Brandon launches Certified Green Homes project
In its continuing efforts to build a ‘green’ city and advance sustainable building practices, the City of Brandon’s Planning & Building Safety Department is launching a Certified Green Homes pilot project.
The project involves Manitoba Hydro’s Power Smart for New Homes program:
• it offers design and energy modeling incentives
• encourages builders to construct homes that are at least 20% more energy efficient than comparable new homes.
Also involved is Built Green Canada’s certification process. It extends beyond energy efficiency to include:
• natural resource preservation
• pollution reduction
• waste management practice
• ventilation and air quality
• improvement in home durability
Built Green Canada is a third-party, non-profit organization that works with builders interested in responsible sustainability practices in the residential building sector.
“The City of Brandon is the first municipality in Manitoba to be tackling the ‘Built Green’ philosophy,” says Mayor Chrest.
“As a growing City, Brandon recognizes that the residential construction industry is essential to the city’s long-term economic strength and prosperity.
I and City Council are proud to support the launch of Brandon’s Certified Green Homes pilot project, as it supports Council’s Strategic Plan priorities of planned growth, economic prosperity, and financial stewardship.”
Canada Mortgage and Housing Corporation and Statistics Canada data show that economic impacts of residential construction in Brandon in 2014 (including new home building, renovation, and repair) reflected $59 million in wages and $143 million in investment value.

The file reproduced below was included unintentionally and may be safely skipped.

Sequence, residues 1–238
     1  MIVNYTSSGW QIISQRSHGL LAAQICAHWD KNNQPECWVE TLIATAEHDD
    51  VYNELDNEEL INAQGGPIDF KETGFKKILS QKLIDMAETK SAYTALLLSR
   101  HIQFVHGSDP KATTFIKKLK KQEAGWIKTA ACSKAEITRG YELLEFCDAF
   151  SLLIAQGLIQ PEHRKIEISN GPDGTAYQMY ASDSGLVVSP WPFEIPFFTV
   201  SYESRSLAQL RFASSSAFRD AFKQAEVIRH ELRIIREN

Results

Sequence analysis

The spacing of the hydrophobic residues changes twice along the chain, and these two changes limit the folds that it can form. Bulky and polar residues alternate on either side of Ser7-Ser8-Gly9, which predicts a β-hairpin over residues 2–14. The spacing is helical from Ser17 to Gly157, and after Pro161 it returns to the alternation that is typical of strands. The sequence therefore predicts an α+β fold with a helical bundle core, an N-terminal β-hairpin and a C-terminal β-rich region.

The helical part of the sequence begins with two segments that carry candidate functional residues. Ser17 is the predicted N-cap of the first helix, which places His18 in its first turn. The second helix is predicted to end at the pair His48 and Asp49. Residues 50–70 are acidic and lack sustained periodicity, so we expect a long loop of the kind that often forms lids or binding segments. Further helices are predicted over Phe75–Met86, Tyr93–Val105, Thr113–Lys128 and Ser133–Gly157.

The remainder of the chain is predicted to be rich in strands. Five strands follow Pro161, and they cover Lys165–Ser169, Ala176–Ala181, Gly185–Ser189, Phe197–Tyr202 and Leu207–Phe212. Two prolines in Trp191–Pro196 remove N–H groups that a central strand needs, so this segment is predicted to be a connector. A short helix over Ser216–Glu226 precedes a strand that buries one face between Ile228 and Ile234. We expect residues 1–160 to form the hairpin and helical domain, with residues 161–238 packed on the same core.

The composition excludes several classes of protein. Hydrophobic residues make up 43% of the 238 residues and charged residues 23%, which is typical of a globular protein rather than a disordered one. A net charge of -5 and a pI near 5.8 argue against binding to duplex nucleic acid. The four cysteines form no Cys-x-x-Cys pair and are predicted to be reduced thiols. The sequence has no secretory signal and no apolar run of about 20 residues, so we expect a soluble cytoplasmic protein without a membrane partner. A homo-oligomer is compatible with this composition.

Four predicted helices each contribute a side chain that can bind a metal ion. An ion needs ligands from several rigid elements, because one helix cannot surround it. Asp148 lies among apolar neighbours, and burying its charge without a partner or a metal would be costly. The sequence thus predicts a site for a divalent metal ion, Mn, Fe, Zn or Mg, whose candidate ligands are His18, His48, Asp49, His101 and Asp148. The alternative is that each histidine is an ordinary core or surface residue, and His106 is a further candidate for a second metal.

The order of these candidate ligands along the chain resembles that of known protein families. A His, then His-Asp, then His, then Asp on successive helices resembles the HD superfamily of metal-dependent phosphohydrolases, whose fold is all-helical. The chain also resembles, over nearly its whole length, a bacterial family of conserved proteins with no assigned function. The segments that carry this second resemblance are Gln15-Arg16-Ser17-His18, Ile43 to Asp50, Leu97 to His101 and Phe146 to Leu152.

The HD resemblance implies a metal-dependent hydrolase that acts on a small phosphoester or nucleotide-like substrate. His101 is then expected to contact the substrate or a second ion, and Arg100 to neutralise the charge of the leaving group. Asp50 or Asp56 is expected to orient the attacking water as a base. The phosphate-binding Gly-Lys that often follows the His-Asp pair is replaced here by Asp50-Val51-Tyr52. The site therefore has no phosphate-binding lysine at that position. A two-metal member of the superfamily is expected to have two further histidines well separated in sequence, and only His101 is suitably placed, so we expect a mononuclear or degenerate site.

The pilot project is also timed well with forthcoming building code changes that, for the first time, address energy efficiency.
The new code requires an increase in energy requirements and will see everyone building to a higher standard.
This is an important step forward for industry, homebuyers, and the environment. With these building code changes, builders will now be on an even playing field.
“The fundamental benefit of a green home goes beyond reducing carbon emissions into the atmosphere,” says Louisa Garbo, Director of Planning & Building Safety.
“A green home provides superior interior environmental conditions for the occupants and reduces the energy cost to the homeowner.
A green home can also help achieve the triple-bottom line concept of building with environmental, social, and economic sustainability in mind.
Our goal is to aid in that process by providing homeowners with resources to help them build or retrofit a green home through this certification process.”
Find more information about Brandon’s Certified Green Homes pilot project here
– City of Brandon
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Postcard from the past
Text: View of the corner of Tenth Street and Rosser Avenue. The Smith Block, Canadian Bank of Commerce and Cecil Hotel.
Postmark: Brandon, Man., 1912-09-08
Publisher: The Commercial Bureau, Brandon, c1912.
Source: Peel’s Prairie Provinces, a digital initiative of the University of Alberta Libraries.
S. Cohen Collection
S.Cohen’s high performance collection is specially protected with a unique stain resistor.
Tips for caring for your framed art
Quality framing materials can look great for years, decades, or even generations if they are properly cared for.
Most problems arise from improper care and handling.
Here is a helpful tip to keep your framed art looking its best when moving, courtesy of Larson-Juhl:
Make sure your frames are well-wrapped to transport to a new home.
Obviously, you will want to protect the front of the frame so it will look beautiful in your new home.
In addition, the hangers on the back of frames can scratch whatever they come in contact with if they aren’t covered.
If you can put them in boxes, that is ideal, otherwise, bubble wrap will work well as long as you remember not to lean anything against it.